Wednesday, November 11, 2009

A Farewelll to Istanbul: Part 7

The Children of Istanbul..the Forgotten and the Privileged
One thing you get used to is the wide variety of situations in Istanbul. It is the same in all cities, but diffeent in those in developing nations. Children are the hope of any nation. The unchanging motto of the United Negro College Fund is “A mind is a terrible thing to waste.” When I see children at the corner in Istanbul selling tissue or other trinkets, picking up garbage or begging, I often think of this statement. Why are they not in school? Are they being forced to do this by their parents? This is not unusual for developing nations. You see this in Mexico or in Brazil where I was recently. It still does not excuse it. In Istanbul, the use of adults is worse. Some children, I have been told and it is a widely known phenomena or urban myth and undocumented, are brought from eastern Turkey, hooked on glue and then are forced to pick-pocket to keep their habit alive and also bring the money to thugs.
If there is any truth to this, it is deplorable. The deliberate exploitation of children and ignoring of their potential by any nation(The U.S. Is not doing such a good job either) is not only a terrible thing but a tragic and inexcusable thing.
“ One Week at War in Iraq and Afghanistan for $3.5 Billion.” stated William D. Hartung ( Let figure this out...$3.5 Billion times 52 weeks equals 182.0 Billion. Just think what that infusion of this money would do for education in the U.S. A fraction of this money to developing countries for education would add more to the stability of the world than all the money we waste “defending democracy and the American way of life” by military action. Also, the best defense for the developed country is the developing and enhancement of their human capital.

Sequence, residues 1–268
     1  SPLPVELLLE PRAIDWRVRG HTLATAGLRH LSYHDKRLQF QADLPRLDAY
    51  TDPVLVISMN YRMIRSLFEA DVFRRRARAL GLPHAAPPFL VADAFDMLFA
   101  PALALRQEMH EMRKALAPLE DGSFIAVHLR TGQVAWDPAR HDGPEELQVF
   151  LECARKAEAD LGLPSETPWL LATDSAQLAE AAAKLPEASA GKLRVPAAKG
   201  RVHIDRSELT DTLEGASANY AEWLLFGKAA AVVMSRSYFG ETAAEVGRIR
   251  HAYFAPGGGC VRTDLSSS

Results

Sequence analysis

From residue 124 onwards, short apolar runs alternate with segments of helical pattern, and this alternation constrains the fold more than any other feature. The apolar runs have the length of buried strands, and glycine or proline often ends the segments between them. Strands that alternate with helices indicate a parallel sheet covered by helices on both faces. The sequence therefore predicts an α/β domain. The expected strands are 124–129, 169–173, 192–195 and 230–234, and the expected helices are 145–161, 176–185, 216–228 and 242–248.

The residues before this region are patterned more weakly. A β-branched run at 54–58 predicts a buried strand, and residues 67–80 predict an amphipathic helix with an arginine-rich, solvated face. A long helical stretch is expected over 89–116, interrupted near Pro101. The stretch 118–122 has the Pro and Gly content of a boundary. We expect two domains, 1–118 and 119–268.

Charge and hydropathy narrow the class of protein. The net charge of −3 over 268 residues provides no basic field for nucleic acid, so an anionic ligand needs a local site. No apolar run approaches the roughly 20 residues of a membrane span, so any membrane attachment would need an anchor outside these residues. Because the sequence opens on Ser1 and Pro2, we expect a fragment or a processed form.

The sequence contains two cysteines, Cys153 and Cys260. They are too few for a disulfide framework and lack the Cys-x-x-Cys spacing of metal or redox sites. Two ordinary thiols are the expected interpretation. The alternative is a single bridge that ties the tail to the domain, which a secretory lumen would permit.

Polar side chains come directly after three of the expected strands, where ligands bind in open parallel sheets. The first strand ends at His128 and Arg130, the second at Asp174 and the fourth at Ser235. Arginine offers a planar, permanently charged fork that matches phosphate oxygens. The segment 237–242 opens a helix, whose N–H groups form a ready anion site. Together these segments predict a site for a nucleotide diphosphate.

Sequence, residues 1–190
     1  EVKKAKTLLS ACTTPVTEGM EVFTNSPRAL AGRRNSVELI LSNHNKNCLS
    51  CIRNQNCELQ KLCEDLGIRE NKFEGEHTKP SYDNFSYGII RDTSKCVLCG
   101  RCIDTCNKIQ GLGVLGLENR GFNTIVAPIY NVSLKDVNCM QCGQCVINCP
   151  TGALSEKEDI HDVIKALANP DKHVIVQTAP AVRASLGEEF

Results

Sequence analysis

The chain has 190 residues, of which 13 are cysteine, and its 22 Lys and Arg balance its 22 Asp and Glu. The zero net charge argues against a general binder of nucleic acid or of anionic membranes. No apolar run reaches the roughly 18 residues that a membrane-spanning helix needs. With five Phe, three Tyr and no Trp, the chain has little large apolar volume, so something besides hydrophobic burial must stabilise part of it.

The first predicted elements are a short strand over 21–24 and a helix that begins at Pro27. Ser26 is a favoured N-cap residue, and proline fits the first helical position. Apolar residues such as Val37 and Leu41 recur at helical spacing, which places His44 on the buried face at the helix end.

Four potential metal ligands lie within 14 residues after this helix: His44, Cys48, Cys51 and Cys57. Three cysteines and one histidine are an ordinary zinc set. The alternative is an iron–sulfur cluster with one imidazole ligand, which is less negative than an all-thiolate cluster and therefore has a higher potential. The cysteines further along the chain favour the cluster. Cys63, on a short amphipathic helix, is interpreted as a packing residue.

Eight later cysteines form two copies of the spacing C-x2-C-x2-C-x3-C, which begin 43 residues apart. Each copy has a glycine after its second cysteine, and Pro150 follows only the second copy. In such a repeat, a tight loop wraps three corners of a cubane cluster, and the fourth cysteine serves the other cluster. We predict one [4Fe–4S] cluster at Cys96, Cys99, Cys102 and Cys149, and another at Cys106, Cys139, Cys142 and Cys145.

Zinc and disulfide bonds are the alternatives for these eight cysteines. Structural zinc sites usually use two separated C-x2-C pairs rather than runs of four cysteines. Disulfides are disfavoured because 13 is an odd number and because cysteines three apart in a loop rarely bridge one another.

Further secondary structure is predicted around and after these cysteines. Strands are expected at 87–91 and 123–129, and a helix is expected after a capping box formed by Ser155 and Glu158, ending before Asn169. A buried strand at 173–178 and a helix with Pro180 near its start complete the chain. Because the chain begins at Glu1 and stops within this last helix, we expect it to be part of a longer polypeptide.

I have often stated to my students in Turkey, “The man picking up garbage on the street, does not really want this for a career. He may be smarter than anyone in this classroom, including me. He has never been given the opportunity as you have for education. You have that opportunity. Not only that, but you have the obligation to speak out and defend those who can not speak for themselves.” They roll their eyes. Students are the same all over the world. I hope that some of them have understood me. Now, I know this is the concept of the noblesse oblige-the obligation of the rich to help the poor-and in some intellectual circles, it may seem dated and naïve. I still think it is a powerful metaphor. Many of my students are privileged. They are fortunate. In Turkish homes, the children of the middle class are pampered and spoiled—boys particularly. This also comes with a heavy dose of discipline. You rarely see children acting up in public or among their elders. This is not all together true, as the theory of permissive parenting is also 'creeping” into Turkish society as it has in the rest of the West. Children are generally are pampered by not only their parents and relatives, but the general population in Istanbul and throughout Turkey. You often see woman passenger in a bus willingly handing her child over to an amca or teze (uncle and aunt in Turkish, but means an older man or woman and is a sign of respect) if there is no where to sit. One particular note, it does not exactly sit well with me when some younger person calls me an amca, but I let it go because it not an insult for them or designating me as old, but as a sign of respect. However, for young people even if you are in your thirties, which I am not, you would be called an amca or a teze by those less senior than you..mainly by those younger. Hocam is another phrase meaning “a respected teacher” is also used by younger peope when they are speaking to an older persons. My students translate this into “teacher”. I have told them directly, in English and American universitis you say Professor____ or Dr. ______ , not teacher. Or sometimes, they refere to their teacher as ______ Bey or ___Bayan, mister or miss. It is always the first name that is used—for example Ibrahem Bey or Mr. Abraham or Ibrahem Hoca. I also say, don't call me Mr. McAdams, because this is for lecturers and not persons that have a Ph.D and teach at the university or college level. It was still somewhat lost on them because they were so inculcated by Turkish culture that they are unaware of the differences because they are saying one word in English and thinking it is equivalent in Turkish. Would this be considered 'code switching.'? This is a question for some of my linguist friends.

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